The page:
JN Taylor Mother Letter

Taylor JN Mother Letter 1
Taylor JN Mother Letter 2
Taylor JN Mother Letter 3
Taylor JN Mother Letter 4

At St. Margaret’s Girls’ Club

86 New Church St.

Bermondsey S.E. 16.



Dear Sir,

For your most kind sympathy I send you my very kind thanks. I am afraid I cannot give much more information than was given in the “Times & Telegraph” only that the former omitted to give the name of his Regiment & where he died (owing to restrictions). He was in Burma when war broke out, managing a rubber estate, he went to India & got his commission in 1915. Came to France with the 57th Wilde’s Rifles, where he saw active service on the Somme. He was sent with his Regiment to Egypt where he acted as adjutant at the Suez Canal, there he met one of the [four Lattey’s?] (of Dulwich College) who no doubt [2] you knew! In fact one took the other’s place pro tem. & if I remember rightly, I think my son spoke of it as ‘[?????]’ to the general, I cannot say if that is an accepted military term. Afterwards his Regiment was transferred to G.E.A. [German East Africa] where he had a most strenuous time. Really the descriptions from time to time have been terrible & yet he always wrote so hopefully, nobly & cheerfully even continuing the [arduous?] marches in a semi condition of dysentery – the loss of men by sickness was appalling. Often on quarter rations & without supplies. He said in July his clothes were in rags. Once when he had to give in, the hospital was a [basin?] & bed the hard ground. In July he wrote we have (reported) a million Coolies, making roads for the force through the jungle & the conditions are such, that on the march from 4am to 6pm we cover some days only 5 miles. He was lately attached to the 33rd Punjabis & was severely wounded on July 18 & died on the 27th. The India Office tell us, owing to the conditions I never get any details more than what they wired me. In 1916 he was awarded the M.C. for saving some of his men under heavy fire, & was mentioned [3] in Gen. [Smut’s?] dispatch for meritorious service – in the latter end of last year his Regt. was attached to Gen. [Smut’s?] main column for a time.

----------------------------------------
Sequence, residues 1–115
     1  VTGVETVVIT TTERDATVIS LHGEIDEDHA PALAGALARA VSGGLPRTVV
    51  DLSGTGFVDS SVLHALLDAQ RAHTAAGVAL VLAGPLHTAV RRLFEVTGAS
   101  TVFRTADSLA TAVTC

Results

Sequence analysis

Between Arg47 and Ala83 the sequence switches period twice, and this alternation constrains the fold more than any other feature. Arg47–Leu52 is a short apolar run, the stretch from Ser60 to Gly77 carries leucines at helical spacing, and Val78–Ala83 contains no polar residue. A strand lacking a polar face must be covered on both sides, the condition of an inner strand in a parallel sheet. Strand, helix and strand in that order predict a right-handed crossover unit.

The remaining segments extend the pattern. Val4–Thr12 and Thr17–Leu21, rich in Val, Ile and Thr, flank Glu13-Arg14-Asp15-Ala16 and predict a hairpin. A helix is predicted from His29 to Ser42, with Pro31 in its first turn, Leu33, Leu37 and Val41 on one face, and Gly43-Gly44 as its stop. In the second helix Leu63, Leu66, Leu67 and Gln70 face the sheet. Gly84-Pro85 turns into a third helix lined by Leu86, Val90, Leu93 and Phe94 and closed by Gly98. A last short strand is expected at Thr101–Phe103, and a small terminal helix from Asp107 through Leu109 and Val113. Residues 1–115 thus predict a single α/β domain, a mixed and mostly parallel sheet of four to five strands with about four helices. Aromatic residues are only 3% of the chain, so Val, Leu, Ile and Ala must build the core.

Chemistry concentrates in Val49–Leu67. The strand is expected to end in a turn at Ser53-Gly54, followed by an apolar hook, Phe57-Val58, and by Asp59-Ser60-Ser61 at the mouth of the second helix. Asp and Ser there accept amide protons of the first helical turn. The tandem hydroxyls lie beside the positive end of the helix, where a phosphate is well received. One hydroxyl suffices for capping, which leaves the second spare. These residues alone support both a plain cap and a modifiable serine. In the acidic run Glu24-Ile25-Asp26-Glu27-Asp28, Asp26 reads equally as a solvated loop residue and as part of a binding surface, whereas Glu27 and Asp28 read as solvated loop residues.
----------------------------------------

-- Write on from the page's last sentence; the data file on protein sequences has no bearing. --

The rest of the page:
During his many years abroad he often spoke of the joy it was to meet an O.A. He was always careful to have his Dulwich tie, which he said brought him many a handshake. He was Capt. of the football team in the part of Burma where was in [(Tenas serium & Mergui??)], & introduced it when he first went. You will perhaps know he was in Mr. Rendall’s House – & won his house colours at 13 – I think it was because he left just before he was 15. As he was in the Navy class which you may also remember. I am afraid this is rather rambling – strangely enough, I have been at this Club as [????] [4] [???]  for a few weeks, which is in the same parish as Mr Gilkes came to as Curate for a time after leaving Dulwich.

Have you seen service? I hope you are not suffering any ill effects. I should like a copy of the magazine. In my dear Norman’s time I remember the cover was designed by Mrs. Rendall. My son’s likeness will be in the ‘Sphere’ this week.


Yours sincerely

Clara Hester